The major festival celebrated in the temple are Chitra Pournami during the Tamil month of Chittirai (March - April), Tiruadyana Utsavam during Margazhi (December - January) and Brahmotsavam during Panguni (March - April). The other festivals are Sri Jayanti Utsavam during Aavani, Navaratri, Vijayadasami, Deepavali and Makara Sankranti.[2]

Religious importance

The temple is revered in Nalayira Divya Prabandham, the 7th–9th century Vaishnava canon, by Thirumangai alvar. The Azhwars have sung praise on the different forms of Bhaktavatsala Perumal. The temple is classified as a Divyadesam, one of the 108 Vishnu temples that are mentioned in the book. Many Acharyas have also written songs on the various forms of God in this Temple.[1]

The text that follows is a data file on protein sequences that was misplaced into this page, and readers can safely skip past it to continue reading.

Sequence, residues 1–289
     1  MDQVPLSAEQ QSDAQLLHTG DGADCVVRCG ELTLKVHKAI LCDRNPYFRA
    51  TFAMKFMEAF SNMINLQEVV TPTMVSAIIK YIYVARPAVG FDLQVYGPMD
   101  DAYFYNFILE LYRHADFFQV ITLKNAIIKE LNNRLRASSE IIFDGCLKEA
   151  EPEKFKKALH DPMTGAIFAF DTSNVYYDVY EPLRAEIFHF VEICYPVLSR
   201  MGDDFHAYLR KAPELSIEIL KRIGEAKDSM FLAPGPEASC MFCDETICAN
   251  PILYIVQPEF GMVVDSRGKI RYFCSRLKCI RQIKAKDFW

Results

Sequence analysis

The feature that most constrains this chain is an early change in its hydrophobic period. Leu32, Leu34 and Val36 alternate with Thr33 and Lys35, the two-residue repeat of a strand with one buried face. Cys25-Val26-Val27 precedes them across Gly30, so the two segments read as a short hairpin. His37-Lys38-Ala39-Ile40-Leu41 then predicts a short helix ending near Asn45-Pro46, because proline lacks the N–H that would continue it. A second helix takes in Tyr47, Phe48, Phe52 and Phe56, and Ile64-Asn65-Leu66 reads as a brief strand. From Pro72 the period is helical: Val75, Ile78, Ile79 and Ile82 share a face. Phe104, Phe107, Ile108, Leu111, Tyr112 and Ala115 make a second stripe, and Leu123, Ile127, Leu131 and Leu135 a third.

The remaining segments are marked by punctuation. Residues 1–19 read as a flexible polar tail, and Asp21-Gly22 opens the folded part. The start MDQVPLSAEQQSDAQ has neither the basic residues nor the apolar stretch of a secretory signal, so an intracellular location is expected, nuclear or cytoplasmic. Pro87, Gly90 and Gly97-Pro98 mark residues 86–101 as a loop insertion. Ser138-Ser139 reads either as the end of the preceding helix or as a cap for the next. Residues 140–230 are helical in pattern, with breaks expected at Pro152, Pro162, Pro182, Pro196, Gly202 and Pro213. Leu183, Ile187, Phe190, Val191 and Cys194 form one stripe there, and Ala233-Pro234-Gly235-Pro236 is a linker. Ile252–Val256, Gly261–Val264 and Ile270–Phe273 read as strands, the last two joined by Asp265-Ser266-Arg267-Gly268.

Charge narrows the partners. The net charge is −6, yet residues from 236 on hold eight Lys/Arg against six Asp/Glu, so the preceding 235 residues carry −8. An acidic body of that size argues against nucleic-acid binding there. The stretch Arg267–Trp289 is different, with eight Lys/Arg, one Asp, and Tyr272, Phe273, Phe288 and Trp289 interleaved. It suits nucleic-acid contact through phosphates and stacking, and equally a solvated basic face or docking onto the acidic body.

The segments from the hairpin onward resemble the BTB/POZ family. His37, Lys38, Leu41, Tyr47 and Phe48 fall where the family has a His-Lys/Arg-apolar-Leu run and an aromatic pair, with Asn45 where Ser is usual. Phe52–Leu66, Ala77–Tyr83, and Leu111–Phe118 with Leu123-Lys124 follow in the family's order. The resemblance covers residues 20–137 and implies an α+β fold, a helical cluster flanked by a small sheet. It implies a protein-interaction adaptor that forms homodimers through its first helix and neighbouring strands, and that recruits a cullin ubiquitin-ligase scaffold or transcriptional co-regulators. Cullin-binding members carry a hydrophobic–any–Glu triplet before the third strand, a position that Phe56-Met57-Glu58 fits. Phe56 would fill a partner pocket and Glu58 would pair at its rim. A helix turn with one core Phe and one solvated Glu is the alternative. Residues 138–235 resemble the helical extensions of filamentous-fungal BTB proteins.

Notes

  1. ^ a b Madhavan 2007, p. 34
  2. ^ a b Madhavan 2007, p. 36
  3. ^ Madhavan 2007, p. 35
  4. ^ "Sri Bhasktavatsala Perumal temple". Dinamalar. 2014. Retrieved 31 May 2014.

References

  • Ayyar, P. V. Jagadisa (1991). South Indian shrines: illustrated. New Delhi: Asian Educational Services. ISBN 81-206-0151-3.
  • R., Dr. Vijayalakshmy (2001). An introduction to religion and Philosophy - Tévarám and Tivviyappirapantam (1st ed.). Chennai: International Institute of Tamil Studies.
  • Madhavan, Chithra (2007). Vishnu Temples of South India Volume 1 (Tamil Nadu). Chithra Madhavan. ISBN 978-81-908445-0-5.

External links

This page was last edited on 13 September 2019, at 06:27